On May 24, Alberta’s NDP government proposed major new workplace legislation — the first such changes in the province since 1988.
If it comes into effect as intended on Jan. 1, 2018, Bill 17, the Fair and Family-Friendly Workplaces Act, would set new labour and employment rules for maternity, personal and compassionate leaves, overtime and vacation pay, youth employment, labour arbitration and union certification.
The legislation aligns the province’s minimum employment standards with the rest of the country and, according to Labour Minister Christina Gray, brings “Alberta’s workplaces into the 21st century.”
There are two parts to the legislation, said Ken Kobly, president and CEO of the Alberta Chamber of Commerce.
“One deals primarily with employment standards and the other with the labour relations. While we support the proposals for unpaid leaves — most businesses already support their employees who need time away from the job — we are concerned with the number of proposals that affect business costs. Together, they layer one cost on another, and that means more financial pressure on businesses.”
There were also no individual, face-to-face consultations involved in preparing the act, he said.
“The government relied mostly on responses from an online survey and spent just 36 days preparing the legislation... In contrast, Ontario took two years reviewing its workplace legislation with all stakeholders before proposing changes.”
Highlights of changes
The changes in Alberta would be extensive, but some of the highlights include:
• Employees will be eligible for leaves after 90 days, rather than one year.
• Job protection for compassionate leave will be extended to 27 weeks, from eight weeks, to better align with federal employment insurance (EI) benefits.
• Caregiver status will be expanded to include non-primary caregivers.
• Leaves will be available for multiple weekly instalments within the period outlined in the medical certificate, rather than the current limit of two instalments.
• Job protection for maternity leave will be extended from 15 to 16 weeks to account for the one-week waiting time for federal EI benefits.
• Parental leave remains at 37 weeks until the expected expansion of the federal EI program to 52 weeks takes place. Once that occurs, Alberta’s parental leave provisions can be increased to match.
• People working for an employer for 90 days will be allowed to take unpaid leave for long-term illness and injury (16 weeks), domestic violence (10 days), family responsibilities (five days), bereavement (three days), a child’s critical illness (36 weeks) and the disappearance or death of a child (up to two years if the child’s death was caused by crime). Right now, there are no provisions for leave in these cases.
• Overtime agreements will allow time to be banked for six months rather than the current three. Overtime would be banked at one-and-a-half hours for every hour worked instead of straight time.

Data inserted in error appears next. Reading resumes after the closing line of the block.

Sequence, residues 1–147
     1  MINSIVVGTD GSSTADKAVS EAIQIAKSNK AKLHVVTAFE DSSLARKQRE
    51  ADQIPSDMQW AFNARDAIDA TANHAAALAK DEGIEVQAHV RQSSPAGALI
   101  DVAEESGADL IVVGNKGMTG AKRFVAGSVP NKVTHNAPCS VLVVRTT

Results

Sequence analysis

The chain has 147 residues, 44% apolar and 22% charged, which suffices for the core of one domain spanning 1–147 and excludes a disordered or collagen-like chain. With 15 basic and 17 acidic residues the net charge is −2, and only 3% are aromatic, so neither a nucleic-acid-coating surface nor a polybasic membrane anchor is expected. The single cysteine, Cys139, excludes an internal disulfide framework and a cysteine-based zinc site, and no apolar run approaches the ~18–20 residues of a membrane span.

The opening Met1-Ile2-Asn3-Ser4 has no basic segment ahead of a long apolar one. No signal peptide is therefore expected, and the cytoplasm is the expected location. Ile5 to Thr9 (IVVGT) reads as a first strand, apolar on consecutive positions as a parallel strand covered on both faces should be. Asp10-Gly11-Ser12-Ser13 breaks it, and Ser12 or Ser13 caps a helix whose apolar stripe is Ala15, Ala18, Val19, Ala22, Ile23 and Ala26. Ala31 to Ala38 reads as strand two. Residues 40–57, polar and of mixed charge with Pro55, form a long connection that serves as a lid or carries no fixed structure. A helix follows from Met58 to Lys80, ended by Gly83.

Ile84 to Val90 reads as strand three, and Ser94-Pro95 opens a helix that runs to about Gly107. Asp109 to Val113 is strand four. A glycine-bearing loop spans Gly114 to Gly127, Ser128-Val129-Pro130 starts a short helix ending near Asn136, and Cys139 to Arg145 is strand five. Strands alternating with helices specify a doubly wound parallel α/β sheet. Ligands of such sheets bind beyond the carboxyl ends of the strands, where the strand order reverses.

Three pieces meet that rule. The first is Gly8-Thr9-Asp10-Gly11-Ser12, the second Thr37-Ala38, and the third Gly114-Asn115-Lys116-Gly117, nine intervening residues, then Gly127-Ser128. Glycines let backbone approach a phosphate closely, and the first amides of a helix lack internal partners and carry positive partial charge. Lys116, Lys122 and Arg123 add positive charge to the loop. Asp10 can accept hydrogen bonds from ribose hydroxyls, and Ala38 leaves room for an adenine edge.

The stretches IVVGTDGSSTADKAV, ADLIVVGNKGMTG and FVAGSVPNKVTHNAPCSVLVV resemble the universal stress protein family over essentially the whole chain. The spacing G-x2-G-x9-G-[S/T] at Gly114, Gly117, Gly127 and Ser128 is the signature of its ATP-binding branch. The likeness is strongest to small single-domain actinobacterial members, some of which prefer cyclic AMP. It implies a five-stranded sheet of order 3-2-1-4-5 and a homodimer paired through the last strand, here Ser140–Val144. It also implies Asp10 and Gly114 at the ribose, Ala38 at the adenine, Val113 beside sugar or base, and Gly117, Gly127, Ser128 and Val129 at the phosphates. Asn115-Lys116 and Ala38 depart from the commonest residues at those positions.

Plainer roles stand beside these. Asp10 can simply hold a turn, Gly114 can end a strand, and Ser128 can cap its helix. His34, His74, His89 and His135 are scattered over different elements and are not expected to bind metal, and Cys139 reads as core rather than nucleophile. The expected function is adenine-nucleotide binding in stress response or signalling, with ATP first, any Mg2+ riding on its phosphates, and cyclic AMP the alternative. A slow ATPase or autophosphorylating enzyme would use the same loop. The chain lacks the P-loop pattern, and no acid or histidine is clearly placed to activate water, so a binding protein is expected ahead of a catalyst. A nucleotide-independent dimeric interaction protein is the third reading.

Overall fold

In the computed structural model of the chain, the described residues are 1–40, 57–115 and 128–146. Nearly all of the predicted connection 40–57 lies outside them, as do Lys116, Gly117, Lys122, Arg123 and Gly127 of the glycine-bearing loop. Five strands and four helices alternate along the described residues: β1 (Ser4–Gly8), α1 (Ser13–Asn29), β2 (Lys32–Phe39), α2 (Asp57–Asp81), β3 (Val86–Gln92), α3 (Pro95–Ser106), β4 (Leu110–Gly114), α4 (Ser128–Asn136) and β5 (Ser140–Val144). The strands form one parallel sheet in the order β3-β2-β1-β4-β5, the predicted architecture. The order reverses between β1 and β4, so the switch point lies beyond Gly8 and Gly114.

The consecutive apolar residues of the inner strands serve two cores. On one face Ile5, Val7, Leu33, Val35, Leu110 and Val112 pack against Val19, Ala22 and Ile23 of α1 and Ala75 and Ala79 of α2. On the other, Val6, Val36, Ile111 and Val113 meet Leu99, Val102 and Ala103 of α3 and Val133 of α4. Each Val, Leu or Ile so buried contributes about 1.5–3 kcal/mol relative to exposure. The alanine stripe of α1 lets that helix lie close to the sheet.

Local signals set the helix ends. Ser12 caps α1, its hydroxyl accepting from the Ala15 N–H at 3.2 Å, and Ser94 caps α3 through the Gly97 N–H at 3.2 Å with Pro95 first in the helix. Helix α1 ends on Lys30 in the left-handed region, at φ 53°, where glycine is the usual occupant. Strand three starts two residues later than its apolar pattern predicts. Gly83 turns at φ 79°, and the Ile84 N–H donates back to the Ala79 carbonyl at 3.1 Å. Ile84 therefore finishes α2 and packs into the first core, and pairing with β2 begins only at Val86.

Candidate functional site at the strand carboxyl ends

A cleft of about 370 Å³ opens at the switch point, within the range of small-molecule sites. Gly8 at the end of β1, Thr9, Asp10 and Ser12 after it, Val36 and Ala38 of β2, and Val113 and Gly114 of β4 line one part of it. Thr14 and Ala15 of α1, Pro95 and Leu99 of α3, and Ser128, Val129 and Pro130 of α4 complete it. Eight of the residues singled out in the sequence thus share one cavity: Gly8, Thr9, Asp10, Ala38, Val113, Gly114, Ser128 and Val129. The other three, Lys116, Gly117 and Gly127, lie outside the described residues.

• All employees would be eligible for general holiday pay. Regular and non-regular day-of-work distinction would be eliminated. General holiday pay will be calculated simply as five per cent of wages from the previous four weeks worked.
• Employees must be paid four per cent or two weeks of their total wages as vacation pay until they have been employed for five years, after which they must receive at least six per cent.
• Employers will also be prevented from charging gas station and restaurant workers if customers leave without paying.
Labour relations code changes
The second part of the legislation involves changes to the labour relations code, specifically to the union certification process and arbitration.
The proposed new union certification process borrows from the Manitoba Labour Code, which uses a hybrid of card check and ballot votes.
This means unions can be certified without a secret ballot if more than 65 per cent of employees had verified membership cards. Less than 66 per cent would still require a vote.
The change is an improvement, but the government didn’t go far enough, according to Gil McGowan, president of the Alberta Federation of Labour.
“We are happy that the government has acknowledged that the current system for union certification is flawed. While this legislation doesn’t bring in a more democratic model of automatic card check certification at a 50 per cent threshold, it does implement a hybrid model that allows for automatic certification. This change further allows people to exercise their constitutional right to join unions and bargain collectively.”
Others did not agree.
“The provincial government has stated that they want to align our labour relations code to federal standards, but the new union certification process goes in the opposite direction to the rest of the country,” said Paul de Jong, president of the Progressive Contractors Association of Canada.
“Most voting in this country is done through secret ballot voting — which is also a cornerstone of our democracy.”
De Jong also took exception to the mandating of first-contract arbitration.
“Forcing third-party arbitration if management and labour are not in agreement after the first collective agreement is unnecessary,” he said. “It takes away from the consultative process for both labour and management.”
Wildrose Leader Brian Jean called on the NDP to split the bill in two.
“It’s our hope that the NDP government will recognize that these compassionate care components are separate and distinct from the labour code changes that require greater consultation.”
Now is simply not the time for radical labour code changes, said De Jong.
“Alberta is in a difficult situation,” he said. “This bill means extra costs for employers and weakened investor confidence at a time when we’re facing many challenges.”
Moira Potter is a freelance writer based in Toronto.
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